I felt like we were about 5 minutes away from “After you!” “No, really, after YOU!” “Oh no, I INSIST, after YOU!” etc.
So I countered. And he laughed. And I told him to show it to his sales manager, or go pick his nose, but to take a walk with the piece of paper. He did, and came back $1500 over what I’d offered. I thought it over and told him I probably shouldn’t even be trying to buy a car today, and there would be no hard feelings if he couldn’t go low enough for me. I countered $1000 under their offer and told him I was done.
I figured that was the end of that. But apparently not a lot of people buy cars on Thursday mornings a few weeks before Christmas. Woohoo!
I was so pleased with my expert handling of the entire thing, that I walked out of there and immediately called my Dad, told him what I paid, and asked him if I did okay. To his credit, he insisted that I had. Actually, we’d done the whole thing with an NADA book, so I knew it was pretty good. But I am not exactly accustomed to thinking “Gee, perhaps I should buy myself a car” and then walking into a dealership and DOING it.
I went to the supermarket afterwards, and it was kind of a letdown. Especially because we’re supposed to get a big storm tomorrow and the entire free world was there buying milk and toilet paper.
After I’d taken the groceries home and put them away, I went and picked the kids up from school, and told them we were going to go look at cars. Then I took them over to the dealership and pointed at various cars. “This one?” I would ask. “How about this one?” They poo-pooed ever choice. None of them were RIGHT. None of them were like OUR CAR.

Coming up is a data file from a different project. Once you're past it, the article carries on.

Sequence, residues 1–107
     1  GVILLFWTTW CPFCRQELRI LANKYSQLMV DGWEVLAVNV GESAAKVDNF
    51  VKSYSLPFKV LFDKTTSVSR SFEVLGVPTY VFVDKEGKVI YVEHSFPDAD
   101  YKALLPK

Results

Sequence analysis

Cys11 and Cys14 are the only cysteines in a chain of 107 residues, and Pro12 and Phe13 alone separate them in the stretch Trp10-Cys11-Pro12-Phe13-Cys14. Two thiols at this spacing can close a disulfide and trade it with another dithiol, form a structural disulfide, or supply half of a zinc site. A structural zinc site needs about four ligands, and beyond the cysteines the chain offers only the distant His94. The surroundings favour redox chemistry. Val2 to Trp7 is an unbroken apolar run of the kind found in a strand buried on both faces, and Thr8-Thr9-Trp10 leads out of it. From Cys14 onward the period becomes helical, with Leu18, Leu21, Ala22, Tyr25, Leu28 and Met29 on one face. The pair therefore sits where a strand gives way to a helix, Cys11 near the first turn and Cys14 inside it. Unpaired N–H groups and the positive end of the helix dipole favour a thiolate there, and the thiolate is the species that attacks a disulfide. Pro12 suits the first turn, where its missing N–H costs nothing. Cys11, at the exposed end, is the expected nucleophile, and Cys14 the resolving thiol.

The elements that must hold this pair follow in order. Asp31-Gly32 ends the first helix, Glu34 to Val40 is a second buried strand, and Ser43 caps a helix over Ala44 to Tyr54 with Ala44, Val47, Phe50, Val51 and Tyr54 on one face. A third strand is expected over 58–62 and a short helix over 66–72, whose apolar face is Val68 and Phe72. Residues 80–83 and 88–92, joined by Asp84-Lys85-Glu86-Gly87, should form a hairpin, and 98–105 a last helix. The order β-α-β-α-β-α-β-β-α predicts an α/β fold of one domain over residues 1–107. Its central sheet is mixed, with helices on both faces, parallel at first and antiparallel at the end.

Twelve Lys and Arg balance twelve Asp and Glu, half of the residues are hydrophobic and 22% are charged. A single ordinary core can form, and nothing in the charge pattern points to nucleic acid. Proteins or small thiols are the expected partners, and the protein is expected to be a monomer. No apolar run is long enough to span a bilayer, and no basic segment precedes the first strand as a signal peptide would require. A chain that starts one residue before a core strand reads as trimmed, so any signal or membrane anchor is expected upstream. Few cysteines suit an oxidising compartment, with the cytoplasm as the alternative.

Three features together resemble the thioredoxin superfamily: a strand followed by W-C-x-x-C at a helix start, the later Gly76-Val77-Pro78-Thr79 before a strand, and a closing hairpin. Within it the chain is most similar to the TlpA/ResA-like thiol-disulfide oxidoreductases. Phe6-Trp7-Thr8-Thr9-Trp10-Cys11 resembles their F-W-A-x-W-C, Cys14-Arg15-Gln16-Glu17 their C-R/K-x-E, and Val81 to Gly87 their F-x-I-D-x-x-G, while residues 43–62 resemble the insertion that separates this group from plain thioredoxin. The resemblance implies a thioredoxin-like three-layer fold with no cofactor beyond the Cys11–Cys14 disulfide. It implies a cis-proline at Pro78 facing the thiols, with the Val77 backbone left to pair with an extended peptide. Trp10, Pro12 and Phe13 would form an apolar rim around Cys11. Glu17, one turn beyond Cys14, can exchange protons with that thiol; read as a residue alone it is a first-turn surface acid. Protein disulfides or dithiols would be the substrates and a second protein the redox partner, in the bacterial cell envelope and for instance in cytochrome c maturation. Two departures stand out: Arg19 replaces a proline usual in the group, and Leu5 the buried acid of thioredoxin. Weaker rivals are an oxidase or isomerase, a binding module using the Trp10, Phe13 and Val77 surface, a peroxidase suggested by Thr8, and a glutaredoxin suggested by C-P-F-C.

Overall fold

Finally I pointed out the silver one. “Hey! That one looks just like our car!” I said. Monkey agreed, and Chickadee sadly said that it was just like our car USED to be. I leaned down and whispered in her ear, “Guess what? That’s our car.” She approved, and announced that the new car shall be Sylvia Too, T-O-O, not T-W-O. Sounds good to me.
* Speaking of my Lyme diagnosis… I got 2 lab sheets in the mail from my doctor’s office today. One said my additional tests came back elevated, indicative of the possibility of “additional infection,” and one said my Western Blot was negative but I should still probably be treated for Lyme because I am clinically symptomatic. How thorough! Yet confusing! Okay then! But did I mention I bought a car?